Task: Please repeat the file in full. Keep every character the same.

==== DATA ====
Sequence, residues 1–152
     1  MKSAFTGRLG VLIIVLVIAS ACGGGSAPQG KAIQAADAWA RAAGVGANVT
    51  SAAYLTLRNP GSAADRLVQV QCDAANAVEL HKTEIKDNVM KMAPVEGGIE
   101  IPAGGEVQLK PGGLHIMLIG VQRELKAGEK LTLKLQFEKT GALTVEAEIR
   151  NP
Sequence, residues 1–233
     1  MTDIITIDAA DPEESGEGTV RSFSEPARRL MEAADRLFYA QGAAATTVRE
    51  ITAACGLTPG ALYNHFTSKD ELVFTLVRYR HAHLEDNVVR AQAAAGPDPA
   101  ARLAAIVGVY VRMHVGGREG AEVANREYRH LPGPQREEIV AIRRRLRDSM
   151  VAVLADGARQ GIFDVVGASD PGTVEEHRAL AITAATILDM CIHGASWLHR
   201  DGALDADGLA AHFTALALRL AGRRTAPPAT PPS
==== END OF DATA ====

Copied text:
Sequence, residues 1–152
     1  MKSAFTGRLG VLIIVLVIAS ACGGGSAPQG KAIQAADAWA RAAGVGANVT
    51  SAAYLTLRNP GSAADRLVQV QCDAANAVEL HKTEIKDNVM KMAPVEGGIE
   101  IPAGGEVQLK PGGLHIMLIG VQRELKAGEK LTLKLQFEKT GALTVEAEIR
   151  NP
Sequence, residues 1–233
     1  MTDIITIDAA DPEESGEGTV RSFSEPARRL MEAADRLFYA QGAAATTVRE
    51  ITAACGLTPG ALYNHFTSKD ELVFTLVRYR HAHLEDNVVR AQAAAGPDPA
   101  ARLAAIVGVY VRMHVGGREG AEVANREYRH LPGPQREEIV AIRRRLRDSM
   151  VAVLADGARQ GIFDVVGASD PGTVEEHRAL AITAATILDM CIHGASWLHR
   201  DGALDADGLA AHFTALALRL AGRRTAPPAT PPS